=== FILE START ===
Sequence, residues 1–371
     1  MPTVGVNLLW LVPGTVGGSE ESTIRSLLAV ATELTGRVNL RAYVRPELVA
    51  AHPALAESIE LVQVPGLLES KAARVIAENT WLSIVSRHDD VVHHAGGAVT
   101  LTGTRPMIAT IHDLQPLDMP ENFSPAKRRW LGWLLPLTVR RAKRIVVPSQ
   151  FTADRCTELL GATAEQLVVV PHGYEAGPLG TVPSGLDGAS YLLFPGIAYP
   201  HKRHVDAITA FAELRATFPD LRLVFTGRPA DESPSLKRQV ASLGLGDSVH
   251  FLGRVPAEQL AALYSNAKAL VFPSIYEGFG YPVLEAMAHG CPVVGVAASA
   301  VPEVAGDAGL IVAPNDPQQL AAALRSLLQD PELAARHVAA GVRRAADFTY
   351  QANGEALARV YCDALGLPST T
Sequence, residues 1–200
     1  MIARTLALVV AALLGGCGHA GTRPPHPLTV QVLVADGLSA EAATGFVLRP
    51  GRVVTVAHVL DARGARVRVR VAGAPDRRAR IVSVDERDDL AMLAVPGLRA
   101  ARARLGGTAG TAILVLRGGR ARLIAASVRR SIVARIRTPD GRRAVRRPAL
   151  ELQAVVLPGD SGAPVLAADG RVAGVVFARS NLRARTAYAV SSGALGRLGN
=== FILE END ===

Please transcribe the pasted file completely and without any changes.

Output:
Sequence, residues 1–371
     1  MPTVGVNLLW LVPGTVGGSE ESTIRSLLAV ATELTGRVNL RAYVRPELVA
    51  AHPALAESIE LVQVPGLLES KAARVIAENT WLSIVSRHDD VVHHAGGAVT
   101  LTGTRPMIAT IHDLQPLDMP ENFSPAKRRW LGWLLPLTVR RAKRIVVPSQ
   151  FTADRCTELL GATAEQLVVV PHGYEAGPLG TVPSGLDGAS YLLFPGIAYP
   201  HKRHVDAITA FAELRATFPD LRLVFTGRPA DESPSLKRQV ASLGLGDSVH
   251  FLGRVPAEQL AALYSNAKAL VFPSIYEGFG YPVLEAMAHG CPVVGVAASA
   301  VPEVAGDAGL IVAPNDPQQL AAALRSLLQD PELAARHVAA GVRRAADFTY
   351  QANGEALARV YCDALGLPST T
Sequence, residues 1–200
     1  MIARTLALVV AALLGGCGHA GTRPPHPLTV QVLVADGLSA EAATGFVLRP
    51  GRVVTVAHVL DARGARVRVR VAGAPDRRAR IVSVDERDDL AMLAVPGLRA
   101  ARARLGGTAG TAILVLRGGR ARLIAASVRR SIVARIRTPD GRRAVRRPAL
   151  ELQAVVLPGD SGAPVLAADG RVAGVVFARS NLRARTAYAV SSGALGRLGN